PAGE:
Vůznice National Nature Reserve

The Vůznice NNR was declared in 1984 on an area of 231.22 ha and lies to the north of the town of Nižbor in the Středočeský kraj- Central Bohemian Region. The protected area includes the deep valley of the Vůznice stream on the left bank of the Berounka river within an extensive complex of forest types and communities which are typical for a hilly country. The reserve lies at elevations between 250 and 410 metres above sea level.
The geological basement is built of rocks of Neoproterozoic age - fine, medium and coarse-grained greywackes and shales with bodies of lydite. A dyke of granite porphyry is the only representative of Paleozoic rocks found here. Quaternary colluvia lie on the slopes and at the foot of them. Numerous frost-riven cliffs, rocky outcrops and steep slopes can be found above the deeply-incised stream valley. Talus accumulations lie at the foot of the rocky outcrops.  The stream alluvial plain is partially modified as a fish-breeding station with water supply channels and a water supply reservoir were built here but now they are practically abandoned. The soils consist of a mosaic of transitional types, oligotrophic and mesotrophic Cambisols, Rankers to Lithosols, with Gleysols in wetter areas.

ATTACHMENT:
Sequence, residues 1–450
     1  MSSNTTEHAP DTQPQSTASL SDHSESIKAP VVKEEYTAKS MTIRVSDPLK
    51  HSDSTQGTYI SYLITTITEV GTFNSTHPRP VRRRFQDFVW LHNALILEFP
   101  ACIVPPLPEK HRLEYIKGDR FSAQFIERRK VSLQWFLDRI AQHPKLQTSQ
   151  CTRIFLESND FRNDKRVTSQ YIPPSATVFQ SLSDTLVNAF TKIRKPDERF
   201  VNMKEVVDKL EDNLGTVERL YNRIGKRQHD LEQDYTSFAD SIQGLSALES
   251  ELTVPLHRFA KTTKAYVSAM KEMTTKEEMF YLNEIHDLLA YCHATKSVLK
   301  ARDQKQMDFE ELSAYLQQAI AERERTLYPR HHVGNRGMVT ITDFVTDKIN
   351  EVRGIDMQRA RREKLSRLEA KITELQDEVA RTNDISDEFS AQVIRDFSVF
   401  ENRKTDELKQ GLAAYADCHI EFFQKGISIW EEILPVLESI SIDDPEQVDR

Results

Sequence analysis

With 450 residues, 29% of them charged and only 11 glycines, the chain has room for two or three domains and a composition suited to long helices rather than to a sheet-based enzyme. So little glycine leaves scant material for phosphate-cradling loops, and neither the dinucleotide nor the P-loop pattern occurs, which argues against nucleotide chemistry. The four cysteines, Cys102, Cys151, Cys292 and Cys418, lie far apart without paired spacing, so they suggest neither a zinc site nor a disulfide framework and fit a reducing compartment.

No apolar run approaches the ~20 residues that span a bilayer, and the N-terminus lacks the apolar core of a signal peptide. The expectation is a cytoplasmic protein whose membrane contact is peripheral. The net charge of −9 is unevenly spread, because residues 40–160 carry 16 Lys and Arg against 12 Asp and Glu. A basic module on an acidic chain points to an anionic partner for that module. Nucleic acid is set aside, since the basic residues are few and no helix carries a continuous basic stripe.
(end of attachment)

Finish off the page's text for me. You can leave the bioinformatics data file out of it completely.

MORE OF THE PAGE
Vůznice NNR includes a complete network of forest ecosystems which are typical for a central European hill country. Alder stands with chickweeds (Stellario-Alnetum glutinosae) and with perennial honesty (Lunaria rediviva) and ash stands (Pruno-Fraxinetum) grow in the valley, passing into species-rich oak-hornbeam stands (Melampyro nemorosi-Carpinetum) on the gentler slopes which conceal a carpet of  fumitories in April and a range of thermophilous species including greater stitchwort (Stellaria holostea), hepatica (Hepatica nobilis) and Isopyrum thalictroides. On the steeper slopes the forest stands pass into hornbeam-maple stands (Aceri-Carpinetum) which stabilize the mobile scree. Subxerophilous oakwoods with cinquefoils (Potentillo albae-Quercetum) grow on the plateaux and the gentler slopes and the rocky outcrops are covered with oak stands with catchflies (Viscario-Quercetum association). Larger areas on the dry plateaux and gentler slopes are also covered with oakwoods with wood-rush (Luzulo albidae-Quercetum). In the herb layer we can find wavy hair-grass (Avenella flexuosa), sheep’s fescue (Festuca ovina), the wood-rush Luzula luzuloides and others. The dwarf oak stands on the ridges are accompanied by sheepsbit scabious (Jasione montana) and the hawkweed Hieracium pilosella. Remnants of relict pine stands can be found above the Pinvička valley with xerophilous communities of the Hieracio pallidi-Pinetum association with basket of gold (Aurinia saxatilis). Small areas in the reserve are covered with cultural stands of Scots pine (Pinus sylvestris) and Norway spruce (Picea abies). Spring area communities with alternate-leaved golden saxifrage (Cardamino-Chrysosplenietum alternifolii) are found at several places in the reserve. Botanical research has identified more than 450 vascular plant species in the reserve, of which 14 are specially protected. These species include  spring snowflake (Leucojum vernum), wolfsbane (Aconitum vulparia), narrow-leaved helleborine (Cephalanthera ensifolia), dark-red helleborine (Epipactis purpurata), burning bush (Dictamnus albus) and perennial honesty (Lunaria rediviva). The bulbous corydalis Corydalis cavais commonly part of the herb layer in the humus-rich forest stands in springtime. Very rich fungi populations are found in the reserve, especially of fungi growing on wood, such as thescarlet elfcup (Sarcoscypha austriaca) with its eye-catching red cup-shaped fruit bodies.